"Ivy League Killers" (1959) is a Canadian-made jd (juvenile delinquent) picture and it's also a noir. It features lots of natural-looking outdoor black and white photography, a fresh and unusual story and respectable acting from actors who will be mostly unknown to American audiences. There is some remarkable road duel driving in which a motorcyclist comes very close to a sports car.
This movie will probably be a pleasant surprise because it's novel, tense and generally well done. As interludes, there are two songs and some teen dancing of the period.
The ivy league killers refers to three rich kids, one of whom (Don Francks) is a sociopath and apparently killed a girl in the past. His reluctant and well-off girl friend (Barbara Bricker) strays away with biker chief Don Borisenko. This sets up the story's main triangle and conflict between the lawless sports car delinquents and the relatively harmless biker delinquents who like to hang out, joke around and party. The well-off threesome shares the youthful tendency to joke around a great deal; but they show a marked amorality. They also show a marked snobbery toward the motorcyclists whom they consider inferior and dirty.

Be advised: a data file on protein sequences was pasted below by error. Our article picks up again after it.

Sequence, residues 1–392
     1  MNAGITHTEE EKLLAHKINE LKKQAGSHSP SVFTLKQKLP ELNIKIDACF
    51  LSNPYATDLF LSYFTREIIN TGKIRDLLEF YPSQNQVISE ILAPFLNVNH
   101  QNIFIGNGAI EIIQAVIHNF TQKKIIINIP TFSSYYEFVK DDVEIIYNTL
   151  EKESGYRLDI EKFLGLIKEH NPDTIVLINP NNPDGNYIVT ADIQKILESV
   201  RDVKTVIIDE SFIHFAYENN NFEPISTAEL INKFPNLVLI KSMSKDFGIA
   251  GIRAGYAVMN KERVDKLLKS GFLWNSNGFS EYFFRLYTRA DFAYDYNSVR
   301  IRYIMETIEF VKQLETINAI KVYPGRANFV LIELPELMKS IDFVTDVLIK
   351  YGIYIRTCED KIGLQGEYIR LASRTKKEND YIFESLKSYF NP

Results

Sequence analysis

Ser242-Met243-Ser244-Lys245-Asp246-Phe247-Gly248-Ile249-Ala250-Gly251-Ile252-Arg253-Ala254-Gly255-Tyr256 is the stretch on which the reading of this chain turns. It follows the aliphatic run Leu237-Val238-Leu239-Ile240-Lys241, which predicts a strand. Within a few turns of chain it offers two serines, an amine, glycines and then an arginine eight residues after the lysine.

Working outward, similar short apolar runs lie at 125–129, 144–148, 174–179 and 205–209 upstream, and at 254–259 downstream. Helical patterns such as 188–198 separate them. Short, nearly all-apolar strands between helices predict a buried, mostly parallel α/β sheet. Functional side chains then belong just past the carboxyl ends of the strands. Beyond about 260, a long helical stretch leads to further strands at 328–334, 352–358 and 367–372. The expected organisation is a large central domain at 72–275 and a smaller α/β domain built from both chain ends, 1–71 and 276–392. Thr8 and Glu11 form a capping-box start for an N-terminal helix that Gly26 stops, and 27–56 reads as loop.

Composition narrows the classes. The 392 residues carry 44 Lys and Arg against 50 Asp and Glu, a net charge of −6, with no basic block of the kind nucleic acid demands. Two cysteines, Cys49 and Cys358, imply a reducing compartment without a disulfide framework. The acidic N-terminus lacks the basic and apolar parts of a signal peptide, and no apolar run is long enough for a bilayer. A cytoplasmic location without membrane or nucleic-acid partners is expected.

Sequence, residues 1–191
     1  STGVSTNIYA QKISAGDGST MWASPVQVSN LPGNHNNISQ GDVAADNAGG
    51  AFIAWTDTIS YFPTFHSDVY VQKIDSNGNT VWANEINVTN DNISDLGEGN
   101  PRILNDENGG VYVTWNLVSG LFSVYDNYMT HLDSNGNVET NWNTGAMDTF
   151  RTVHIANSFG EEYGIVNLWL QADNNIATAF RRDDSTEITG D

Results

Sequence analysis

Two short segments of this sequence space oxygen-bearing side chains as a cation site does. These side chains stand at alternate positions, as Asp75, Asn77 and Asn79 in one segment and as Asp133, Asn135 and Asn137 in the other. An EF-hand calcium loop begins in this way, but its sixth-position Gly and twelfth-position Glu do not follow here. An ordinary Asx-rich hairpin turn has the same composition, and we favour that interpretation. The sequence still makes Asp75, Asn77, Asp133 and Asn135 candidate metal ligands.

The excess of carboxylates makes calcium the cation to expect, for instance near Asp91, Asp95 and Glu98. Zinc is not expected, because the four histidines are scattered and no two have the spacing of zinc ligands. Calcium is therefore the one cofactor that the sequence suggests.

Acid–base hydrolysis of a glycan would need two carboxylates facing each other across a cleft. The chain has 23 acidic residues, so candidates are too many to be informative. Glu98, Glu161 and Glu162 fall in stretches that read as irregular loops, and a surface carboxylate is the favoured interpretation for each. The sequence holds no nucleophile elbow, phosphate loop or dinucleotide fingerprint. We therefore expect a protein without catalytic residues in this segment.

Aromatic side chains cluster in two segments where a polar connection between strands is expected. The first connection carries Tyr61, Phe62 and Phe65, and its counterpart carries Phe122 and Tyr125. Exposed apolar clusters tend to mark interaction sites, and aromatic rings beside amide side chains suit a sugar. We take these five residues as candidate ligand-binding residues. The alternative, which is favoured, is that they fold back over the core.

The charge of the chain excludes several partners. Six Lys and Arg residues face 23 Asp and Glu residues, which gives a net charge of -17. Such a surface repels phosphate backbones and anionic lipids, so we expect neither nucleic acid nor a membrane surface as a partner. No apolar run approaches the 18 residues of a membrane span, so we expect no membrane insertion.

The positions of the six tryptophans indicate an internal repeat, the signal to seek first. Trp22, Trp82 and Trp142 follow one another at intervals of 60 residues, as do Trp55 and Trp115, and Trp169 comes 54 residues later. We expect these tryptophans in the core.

Francks devises a robbery scheme to frame Borisenko, and this provides most of the film's action. Francks more than adequately portrays a character something like that of Bradford Dillman in the contemporary "Compulsion". The similarity is in the belief in superiority, but they are really quite different in details. Francks's sociopath is driven by jealousy and hatred. Borisenko's biker is a quiet guy who gives off vibes of an uncomfortable leadership. He's restless. He hasn't found a place where he fits in. He's something like a James Dean character. Bricker is far more comfortable with Borisenko than Francks and resists the pressures of her parents who are blind to the latter's real character.
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